Greece is on the brink of meltdown due to spiraling debt, and the deficit crisis is continentally contagious. Last year, the International Monetary Fund bailed out Greece to the tune of 110 billion euros, contingent on the implementation of strict austerity measures. On the heels of this dramatic action came bailout packages for Ireland and Portugal. And the Greek tragedy is far from over as the debate over whether to accept debt-forgiveness conditions upended the government in Athens. Furthermore, other debt-laden European nations risk going under.
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You may have heard that the European Union is effectively banning olive-oil cruets and dipping bowls at restaurants.A look closer shows you something else about the nature of regulatory Leviathans. One EU official noted to the Telegraph, “It will seem bonkers that olive oil jugs must go while vinegar bottles or refillable wine jugs can stay.”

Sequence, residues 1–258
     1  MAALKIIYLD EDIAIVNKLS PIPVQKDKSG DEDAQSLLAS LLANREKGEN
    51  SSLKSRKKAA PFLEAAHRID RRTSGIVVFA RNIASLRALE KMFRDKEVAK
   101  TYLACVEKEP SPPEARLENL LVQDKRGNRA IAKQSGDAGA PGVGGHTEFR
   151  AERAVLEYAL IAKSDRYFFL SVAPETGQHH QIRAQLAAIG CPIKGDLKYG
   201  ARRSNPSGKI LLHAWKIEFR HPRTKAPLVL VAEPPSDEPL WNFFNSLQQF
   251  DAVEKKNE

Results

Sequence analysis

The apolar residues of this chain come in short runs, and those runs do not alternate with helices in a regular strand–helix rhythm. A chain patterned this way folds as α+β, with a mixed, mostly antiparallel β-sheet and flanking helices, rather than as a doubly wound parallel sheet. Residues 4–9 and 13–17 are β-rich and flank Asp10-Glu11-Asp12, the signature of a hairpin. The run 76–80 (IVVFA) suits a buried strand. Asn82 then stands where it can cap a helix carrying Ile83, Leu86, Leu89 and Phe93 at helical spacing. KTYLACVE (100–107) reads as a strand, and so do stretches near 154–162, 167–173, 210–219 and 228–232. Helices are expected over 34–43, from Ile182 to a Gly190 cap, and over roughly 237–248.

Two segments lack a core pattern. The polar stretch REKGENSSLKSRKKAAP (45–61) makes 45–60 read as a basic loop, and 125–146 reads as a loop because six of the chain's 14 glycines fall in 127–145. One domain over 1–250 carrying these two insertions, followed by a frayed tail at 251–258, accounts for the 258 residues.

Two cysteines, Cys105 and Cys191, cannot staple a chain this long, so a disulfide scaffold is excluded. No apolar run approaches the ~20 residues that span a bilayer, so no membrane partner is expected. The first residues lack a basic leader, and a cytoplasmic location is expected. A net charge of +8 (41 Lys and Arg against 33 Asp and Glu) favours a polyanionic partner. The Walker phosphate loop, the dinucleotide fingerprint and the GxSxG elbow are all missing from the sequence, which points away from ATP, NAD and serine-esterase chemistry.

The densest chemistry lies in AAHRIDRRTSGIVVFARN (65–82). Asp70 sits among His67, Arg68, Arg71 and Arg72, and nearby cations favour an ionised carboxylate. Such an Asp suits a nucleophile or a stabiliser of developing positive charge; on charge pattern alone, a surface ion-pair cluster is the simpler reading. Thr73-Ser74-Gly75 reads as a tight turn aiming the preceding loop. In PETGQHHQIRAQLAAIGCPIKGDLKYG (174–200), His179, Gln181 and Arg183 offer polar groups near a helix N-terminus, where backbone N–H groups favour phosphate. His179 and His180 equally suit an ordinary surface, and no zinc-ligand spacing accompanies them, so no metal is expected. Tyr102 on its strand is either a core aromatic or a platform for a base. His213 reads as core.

How should the crisis in Cyprus have been handled differently, and what are its wider international repercussions going forward? This and other relevant questions will be addressed by our expert panel.
If ever one needed evidence that excessive money printing by the Federal Reserve and by the Bank of Japan was seriously distorting global market prices, all one need do is to look at the EUR 2 trillion Italian sovereign-debt market.